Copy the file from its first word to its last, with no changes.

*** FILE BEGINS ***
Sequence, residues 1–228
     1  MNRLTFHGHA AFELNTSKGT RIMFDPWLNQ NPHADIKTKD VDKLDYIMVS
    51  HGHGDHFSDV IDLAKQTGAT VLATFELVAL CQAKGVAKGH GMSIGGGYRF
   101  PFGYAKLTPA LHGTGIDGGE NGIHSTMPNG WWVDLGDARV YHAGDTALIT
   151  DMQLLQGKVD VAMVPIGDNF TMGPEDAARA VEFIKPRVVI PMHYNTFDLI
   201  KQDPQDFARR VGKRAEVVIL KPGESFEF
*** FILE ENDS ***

Sequence, residues 1–228
     1  MNRLTFHGHA AFELNTSKGT RIMFDPWLNQ NPHADIKTKD VDKLDYIMVS
    51  HGHGDHFSDV IDLAKQTGAT VLATFELVAL CQAKGVAKGH GMSIGGGYRF
   101  PFGYAKLTPA LHGTGIDGGE NGIHSTMPNG WWVDLGDARV YHAGDTALIT
   151  DMQLLQGKVD VAMVPIGDNF TMGPEDAARA VEFIKPRVVI PMHYNTFDLI
   201  KQDPQDFARR VGKRAEVVIL KPGESFEF